It struck me that if you try and state what a fox is, you already don’t have a fox. Foxes, it turns out, can only be implied.

Spirits and Goddesses

These images were all drawn by me, using pencil, and without looking at any references. Partly I wanted to see how plausibly I could draw these figures without having to look at anything else. Once of them owes a lot to Neolithic Goddesses and none of them are meant to be realistic, but I did want to see what kind of bodies I can manage.

These drawings helped me think about what makes the representation of a body seem objectified, to me. I also came to the conclusion that the world has enough images of tormented, malnourished and impossible-sexualised female bodies. Probably we need more that celebrates and is rooted in joy and delight, both in terms of how the person creating the image feels about what they’re creating, and in terms of how the person is depicted.

What makes me happiest are depictions of people who are themselves happy and at home in their own skin.


In previous years I’ve tried my hand at Inktober – an October art event where you aim to do an image a day. There are however issues with the person behind this event, and it’s made me not want to engage. This year I’m doing Witchtober instead and I’ve taken my prompts from Jacqui Lovesey and Saffron Russell –

I’m adding black cats, because they’re cute. I’m not great at drawing, I’m a better colourist, but its fun to play and to do things for the joy of it rather than with a work hat on all the time.

Join me on Twitter https://twitter.com/Nimue_B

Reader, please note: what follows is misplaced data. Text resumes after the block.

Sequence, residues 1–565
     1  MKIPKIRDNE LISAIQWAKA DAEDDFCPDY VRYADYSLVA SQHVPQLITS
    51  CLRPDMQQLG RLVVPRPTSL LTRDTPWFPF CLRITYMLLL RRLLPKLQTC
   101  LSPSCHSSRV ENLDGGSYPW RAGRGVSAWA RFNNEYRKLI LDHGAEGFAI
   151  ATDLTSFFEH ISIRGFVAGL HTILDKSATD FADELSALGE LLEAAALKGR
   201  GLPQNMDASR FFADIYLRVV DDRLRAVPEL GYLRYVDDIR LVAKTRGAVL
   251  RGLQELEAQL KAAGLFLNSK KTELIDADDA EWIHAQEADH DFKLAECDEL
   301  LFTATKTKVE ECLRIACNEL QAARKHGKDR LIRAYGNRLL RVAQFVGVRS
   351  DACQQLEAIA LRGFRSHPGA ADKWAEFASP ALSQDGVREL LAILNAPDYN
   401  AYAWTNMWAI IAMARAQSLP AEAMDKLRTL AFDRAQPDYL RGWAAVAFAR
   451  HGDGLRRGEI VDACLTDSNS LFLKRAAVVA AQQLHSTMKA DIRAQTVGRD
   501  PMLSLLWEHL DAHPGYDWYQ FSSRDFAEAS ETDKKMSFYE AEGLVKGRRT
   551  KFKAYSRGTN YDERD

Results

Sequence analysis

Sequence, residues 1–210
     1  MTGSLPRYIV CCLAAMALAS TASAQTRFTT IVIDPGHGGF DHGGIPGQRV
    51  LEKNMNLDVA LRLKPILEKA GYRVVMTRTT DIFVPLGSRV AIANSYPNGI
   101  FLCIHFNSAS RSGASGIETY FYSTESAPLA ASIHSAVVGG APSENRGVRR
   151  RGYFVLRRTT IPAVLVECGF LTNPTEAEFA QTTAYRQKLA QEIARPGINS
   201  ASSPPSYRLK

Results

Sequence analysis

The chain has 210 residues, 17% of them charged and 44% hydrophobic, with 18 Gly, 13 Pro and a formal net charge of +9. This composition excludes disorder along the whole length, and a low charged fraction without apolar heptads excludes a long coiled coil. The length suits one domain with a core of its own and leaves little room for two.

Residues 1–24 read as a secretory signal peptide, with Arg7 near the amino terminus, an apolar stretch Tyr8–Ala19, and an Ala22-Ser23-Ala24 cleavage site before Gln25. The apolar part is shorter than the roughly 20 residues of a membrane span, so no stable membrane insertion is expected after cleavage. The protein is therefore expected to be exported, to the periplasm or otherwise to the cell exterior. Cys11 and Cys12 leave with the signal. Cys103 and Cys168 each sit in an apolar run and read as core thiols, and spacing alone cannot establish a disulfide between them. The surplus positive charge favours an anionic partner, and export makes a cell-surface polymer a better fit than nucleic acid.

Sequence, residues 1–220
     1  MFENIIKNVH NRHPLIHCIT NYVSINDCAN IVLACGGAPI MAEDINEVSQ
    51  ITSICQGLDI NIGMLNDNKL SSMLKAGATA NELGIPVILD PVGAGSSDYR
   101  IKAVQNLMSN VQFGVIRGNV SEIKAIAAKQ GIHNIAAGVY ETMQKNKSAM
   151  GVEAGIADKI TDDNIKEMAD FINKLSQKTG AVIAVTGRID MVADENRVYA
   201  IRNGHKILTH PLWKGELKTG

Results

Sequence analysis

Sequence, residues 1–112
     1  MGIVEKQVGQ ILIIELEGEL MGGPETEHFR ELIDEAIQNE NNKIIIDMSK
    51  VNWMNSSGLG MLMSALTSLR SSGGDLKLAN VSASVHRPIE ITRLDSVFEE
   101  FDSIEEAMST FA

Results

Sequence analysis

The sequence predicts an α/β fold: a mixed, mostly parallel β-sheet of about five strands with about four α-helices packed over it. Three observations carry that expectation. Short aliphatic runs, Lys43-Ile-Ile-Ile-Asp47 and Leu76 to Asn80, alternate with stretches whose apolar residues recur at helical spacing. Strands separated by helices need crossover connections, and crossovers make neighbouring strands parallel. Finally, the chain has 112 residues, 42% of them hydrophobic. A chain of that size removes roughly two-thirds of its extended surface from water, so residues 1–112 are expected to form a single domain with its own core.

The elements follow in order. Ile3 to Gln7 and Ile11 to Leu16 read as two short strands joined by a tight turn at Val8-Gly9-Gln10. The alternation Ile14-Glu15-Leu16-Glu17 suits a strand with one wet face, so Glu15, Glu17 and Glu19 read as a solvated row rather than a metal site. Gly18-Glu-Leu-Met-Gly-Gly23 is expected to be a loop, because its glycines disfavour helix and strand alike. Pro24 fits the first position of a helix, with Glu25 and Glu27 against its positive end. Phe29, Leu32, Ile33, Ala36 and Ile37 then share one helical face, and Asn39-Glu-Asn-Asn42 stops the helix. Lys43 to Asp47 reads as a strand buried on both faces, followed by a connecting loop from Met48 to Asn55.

or Instagram https://www.instagram.com/nimuebrown/

for more of this sort of thing!

Midwinter trees

At this time of year, the view from my living room window is of bare branches. The sun sets behind them, late in the afternoon. Most days, I sit somewhere I can watch the changing light. It’s often one of the most colour rich moments of the day. Sometimes, the winter sky is a dramatic blue as we shift towards night time.

I’ve tried to capture something of this with these small pen drawings. I’m also trying to be more relaxed about letting the pens look like pens. I’m trying to figure out how to work with the things that pens do, rather than pushing against it, but I’ve a way to go…


Inktober is an online October event, the rules are simple – draw something in ink every day and post it. As I’d never drawn in ink, I took the alternative of pencilling first – which isn’t cheating. I didn’t manage every day either because I was ill towards the end of the month, but I got enough inks to feel like I did something, and it has had an impact on my drawing. The groups I drew at the end of the month I would never have considered trying at the beginning.